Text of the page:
Prince Was a Comic Book Mainstay

Prince wasn't just one of the world's most iconic musicians, he was also a comic book hero.

DC Comics / Piranha Press

Prince, who died on Thursday at the age of 57, was larger than life. He could’ve done nothing but release fire albums and he still would’ve been a legend. But he was multi-talented, and his movie, television and even comic book appearances only elevated him further into international stardom. His untimely passing inspires nostalgia, and for us, this look back at his history as a comic book character.

Prince first appeared in comic books in 1985, when he appeared on the cover of Cracked #209 alongside Boy George, Michael Jackson and the Gremlins. It was the 80s, man. After that first issue, Prince would go on to make appearances in 7 other issues of Cracked between 1985 and 1995.

Depth of Field

Prince moved up the comic book ranks in 1987 with an appearance in Captain America #327, where an AmericAid concert serves as the backdrop for a confrontation between Cap and Super-Patriot. Though much of the confrontation took place backstage, Prince and several other musicians shared the panels with Captain America. Also in 1987, the parodied likenesses of Prince, Madonna, Michael Jackson and Boy George appeared in a “spoof of the popular culture of the 1980s” in Shooting Star #1.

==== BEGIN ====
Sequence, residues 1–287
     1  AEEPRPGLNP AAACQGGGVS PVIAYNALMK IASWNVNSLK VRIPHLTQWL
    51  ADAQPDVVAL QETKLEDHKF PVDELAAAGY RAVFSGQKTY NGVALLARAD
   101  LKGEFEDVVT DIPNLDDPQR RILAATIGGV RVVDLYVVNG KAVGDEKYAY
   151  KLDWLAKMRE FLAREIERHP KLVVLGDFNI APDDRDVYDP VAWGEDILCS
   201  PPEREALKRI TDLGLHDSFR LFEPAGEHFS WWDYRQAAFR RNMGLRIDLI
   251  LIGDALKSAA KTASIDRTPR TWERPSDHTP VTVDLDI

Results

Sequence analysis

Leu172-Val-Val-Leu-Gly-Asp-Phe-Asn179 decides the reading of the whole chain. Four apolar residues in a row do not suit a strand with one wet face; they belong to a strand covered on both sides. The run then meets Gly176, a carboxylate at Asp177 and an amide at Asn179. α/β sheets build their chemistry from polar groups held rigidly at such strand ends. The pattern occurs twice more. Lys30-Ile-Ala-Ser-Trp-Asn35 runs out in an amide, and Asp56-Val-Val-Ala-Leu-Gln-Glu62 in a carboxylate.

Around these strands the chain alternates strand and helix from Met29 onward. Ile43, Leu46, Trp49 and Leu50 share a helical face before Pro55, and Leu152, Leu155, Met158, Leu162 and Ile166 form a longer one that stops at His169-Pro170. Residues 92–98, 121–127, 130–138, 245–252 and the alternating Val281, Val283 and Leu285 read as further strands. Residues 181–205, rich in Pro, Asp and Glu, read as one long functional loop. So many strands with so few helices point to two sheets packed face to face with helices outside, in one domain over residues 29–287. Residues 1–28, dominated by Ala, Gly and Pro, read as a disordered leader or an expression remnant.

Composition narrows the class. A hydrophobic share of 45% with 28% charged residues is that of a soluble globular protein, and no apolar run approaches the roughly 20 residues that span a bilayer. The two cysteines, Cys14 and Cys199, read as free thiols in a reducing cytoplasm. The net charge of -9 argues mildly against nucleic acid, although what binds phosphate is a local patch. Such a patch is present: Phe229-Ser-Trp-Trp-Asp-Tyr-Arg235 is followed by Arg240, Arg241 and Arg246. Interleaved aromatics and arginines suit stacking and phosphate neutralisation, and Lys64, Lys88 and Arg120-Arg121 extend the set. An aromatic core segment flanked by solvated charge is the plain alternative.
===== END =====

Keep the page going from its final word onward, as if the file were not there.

Prince became a comic book protagonist a few years later, appearing in a Rock N’ Roll comic of his own based on his life in 1991. A year later, hed also appear alongside Arsenio Hall, Elton John and others in Paula Abduls issue of Rock N Roll. By 2013, Michael L. Frizell would revisit Prince’s life story in comic book form with Fame.

DC Comics / Piranha Press

Prince wasn’t just the stuff of backgrounds, parodies and biographies, though he was a comic book hero in his own right, in 1994’s Prince and the New Power Generation: Three Chains of Gold. Three Chains of Gold found Prince and his band traveling to the Middle East to help a princess locate the chains — lost magical artifacts that held great power and the opportunity for profound control.

Metal Hurlant

Perhaps his most well-known heroic appearance, though, was in Alter Ego, in which Prince returned to Minnesota, rode a kickass purple motorcycle and thwarted some baddies with his bare hands. He was every bit the hero you’d expect Prince to be, blazing his own trail and saving the day his own way.

Rest in peace, Prince Well see you in the panels.